First, I have to record my ongoing obsession with a new food truck that has been near my lab on weekdays, called Tyson Bees. They do Korean-Mexican fusion, and their banh mi, pork buns, and taco special (Vietnamese short rib, Thai basil chicken, and edamame) are all amazing. Plus they are pretty cheap. Hands down the best food truck I have ever eaten at, and very reminiscent of Berkeley in terms of the food quality, price, and creativity. I keep telling people about this cart because I want it to always be there for me... ideally it would follow me around.

I spent a day in NYC recently, walking around the lower East side with [livejournal.com profile] vivnsect and eating green tea ice cream, pizza, and almond rice pudding (from a store that sells only rice pudding, in a gelato-type atmosphere). It was a lot of fun, lots of cool stores and places, and someday I have to actually go into the tenement museum and do the tour and such. In the evening Ben came up and we went with some friends to do the fried chicken dinner at Momofuku, which is an entire southern-style fried chicken and an entire Korean-style fried chicken, plus vegetables, sauces, pork buns, and an amazing drink which consisted of yuzu juice, black tea, and shoju.

[livejournal.com profile] hans_meinigel, who I see all too seldom, came to Philadelphia for a bit and stayed with us, which was also great. We made him some fondue and Indian food, and at some point I went for a walk with him which culminated in gelato (dark chocolate, rosemary honey with goat milk, lemon ginger and rum, and orange cardamom).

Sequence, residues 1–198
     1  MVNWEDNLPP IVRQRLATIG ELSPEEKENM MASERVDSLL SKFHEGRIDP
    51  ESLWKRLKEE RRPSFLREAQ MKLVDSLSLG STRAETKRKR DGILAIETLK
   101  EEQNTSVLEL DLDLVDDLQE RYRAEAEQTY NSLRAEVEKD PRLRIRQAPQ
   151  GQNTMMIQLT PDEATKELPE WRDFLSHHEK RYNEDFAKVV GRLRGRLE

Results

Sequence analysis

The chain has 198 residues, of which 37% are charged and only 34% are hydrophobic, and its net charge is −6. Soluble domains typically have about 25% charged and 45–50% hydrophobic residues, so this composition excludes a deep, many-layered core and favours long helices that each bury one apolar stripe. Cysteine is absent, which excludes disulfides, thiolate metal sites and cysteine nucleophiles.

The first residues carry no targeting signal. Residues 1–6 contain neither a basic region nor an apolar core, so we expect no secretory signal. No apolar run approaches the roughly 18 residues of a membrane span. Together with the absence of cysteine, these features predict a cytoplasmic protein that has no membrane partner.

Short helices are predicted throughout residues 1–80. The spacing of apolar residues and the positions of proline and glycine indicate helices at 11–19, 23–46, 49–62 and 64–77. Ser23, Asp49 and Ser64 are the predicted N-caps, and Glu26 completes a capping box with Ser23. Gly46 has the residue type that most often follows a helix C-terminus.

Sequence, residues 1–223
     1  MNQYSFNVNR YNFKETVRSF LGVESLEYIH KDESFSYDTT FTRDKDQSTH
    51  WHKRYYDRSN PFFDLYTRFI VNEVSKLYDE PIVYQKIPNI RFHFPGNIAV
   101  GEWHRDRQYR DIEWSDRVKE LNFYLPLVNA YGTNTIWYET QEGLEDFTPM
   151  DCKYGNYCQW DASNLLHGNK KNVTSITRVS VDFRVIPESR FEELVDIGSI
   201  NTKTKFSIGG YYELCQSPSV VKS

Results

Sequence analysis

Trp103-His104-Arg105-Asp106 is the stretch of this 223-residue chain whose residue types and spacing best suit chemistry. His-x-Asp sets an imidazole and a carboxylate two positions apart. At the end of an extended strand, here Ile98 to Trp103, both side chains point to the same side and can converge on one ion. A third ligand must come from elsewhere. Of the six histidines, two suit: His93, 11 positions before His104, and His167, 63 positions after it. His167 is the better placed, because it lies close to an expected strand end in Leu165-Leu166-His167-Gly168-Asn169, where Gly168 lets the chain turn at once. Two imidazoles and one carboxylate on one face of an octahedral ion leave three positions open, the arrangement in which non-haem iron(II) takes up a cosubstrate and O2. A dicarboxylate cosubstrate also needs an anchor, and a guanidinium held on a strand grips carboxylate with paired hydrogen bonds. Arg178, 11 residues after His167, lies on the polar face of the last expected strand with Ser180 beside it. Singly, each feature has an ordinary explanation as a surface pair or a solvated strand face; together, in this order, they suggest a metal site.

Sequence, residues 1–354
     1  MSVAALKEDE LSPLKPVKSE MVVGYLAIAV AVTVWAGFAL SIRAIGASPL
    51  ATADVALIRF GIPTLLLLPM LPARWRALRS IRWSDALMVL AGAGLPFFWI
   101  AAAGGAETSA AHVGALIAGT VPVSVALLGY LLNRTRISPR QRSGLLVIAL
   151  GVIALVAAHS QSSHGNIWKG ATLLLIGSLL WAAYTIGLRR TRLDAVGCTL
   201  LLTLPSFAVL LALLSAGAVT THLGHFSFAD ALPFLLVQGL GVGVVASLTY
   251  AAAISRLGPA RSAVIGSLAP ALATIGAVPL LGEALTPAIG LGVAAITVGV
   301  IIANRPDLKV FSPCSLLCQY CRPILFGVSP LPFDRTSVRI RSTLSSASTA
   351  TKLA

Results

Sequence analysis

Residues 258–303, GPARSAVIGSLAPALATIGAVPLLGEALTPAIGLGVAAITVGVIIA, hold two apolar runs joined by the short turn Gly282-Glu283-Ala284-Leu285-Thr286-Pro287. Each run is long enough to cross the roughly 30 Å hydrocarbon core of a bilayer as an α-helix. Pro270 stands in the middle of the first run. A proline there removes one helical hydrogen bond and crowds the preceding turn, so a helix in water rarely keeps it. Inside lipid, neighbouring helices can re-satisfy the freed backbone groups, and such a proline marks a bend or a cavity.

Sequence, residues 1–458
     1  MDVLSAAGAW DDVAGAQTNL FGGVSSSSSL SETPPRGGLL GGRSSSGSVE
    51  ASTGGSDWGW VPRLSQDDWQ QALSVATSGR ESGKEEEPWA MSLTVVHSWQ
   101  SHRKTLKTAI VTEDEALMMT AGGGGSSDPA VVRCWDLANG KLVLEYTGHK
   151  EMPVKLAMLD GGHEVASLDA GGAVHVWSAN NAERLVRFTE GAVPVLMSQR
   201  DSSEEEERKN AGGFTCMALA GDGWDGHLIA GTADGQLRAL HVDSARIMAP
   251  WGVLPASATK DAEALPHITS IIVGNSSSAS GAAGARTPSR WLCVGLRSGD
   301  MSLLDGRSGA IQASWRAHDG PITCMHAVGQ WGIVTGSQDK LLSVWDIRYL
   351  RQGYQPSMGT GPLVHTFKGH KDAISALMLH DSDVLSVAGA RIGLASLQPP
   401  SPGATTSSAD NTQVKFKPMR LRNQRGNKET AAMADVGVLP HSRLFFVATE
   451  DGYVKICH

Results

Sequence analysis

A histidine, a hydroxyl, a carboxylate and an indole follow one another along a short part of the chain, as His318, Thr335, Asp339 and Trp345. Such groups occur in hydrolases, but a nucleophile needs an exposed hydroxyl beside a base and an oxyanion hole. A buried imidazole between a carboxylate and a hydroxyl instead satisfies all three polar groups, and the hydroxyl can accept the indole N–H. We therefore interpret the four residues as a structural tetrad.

This weekend we took the train up to Lancaster to stay with my in-laws there, which was so relaxing... we spent a lot of the weekend reading, playing ping pong, watching movies, playing guitar, that sort of thing. I went on a couple of great runs in my fivefingers in the snow, and went to spin class with my stepmother-in-law. And there was cake. :D

on beer

Sep. 4th, 2010 04:05 pm
clevermynnie: (Default)
We have not been brewing this summer because our house is too hot to ferment almost anything. The only strain of yeast we have been able to use is for a saison, so in June we made one, but the fermentation was incredibly slow so we only recently were able to bottle and now drink it. It's delicious, though, so today is the first brew in awhile and we are just making another saison! It's still hot, and we'll be more patient with this one since we'll be able to brew other stuff soon as well. We are making a ginger saison so I'm very excited, although Ben has taken pains to assure me that it will not be like ginger beer, just beer lightly flavored with ginger. We'll see.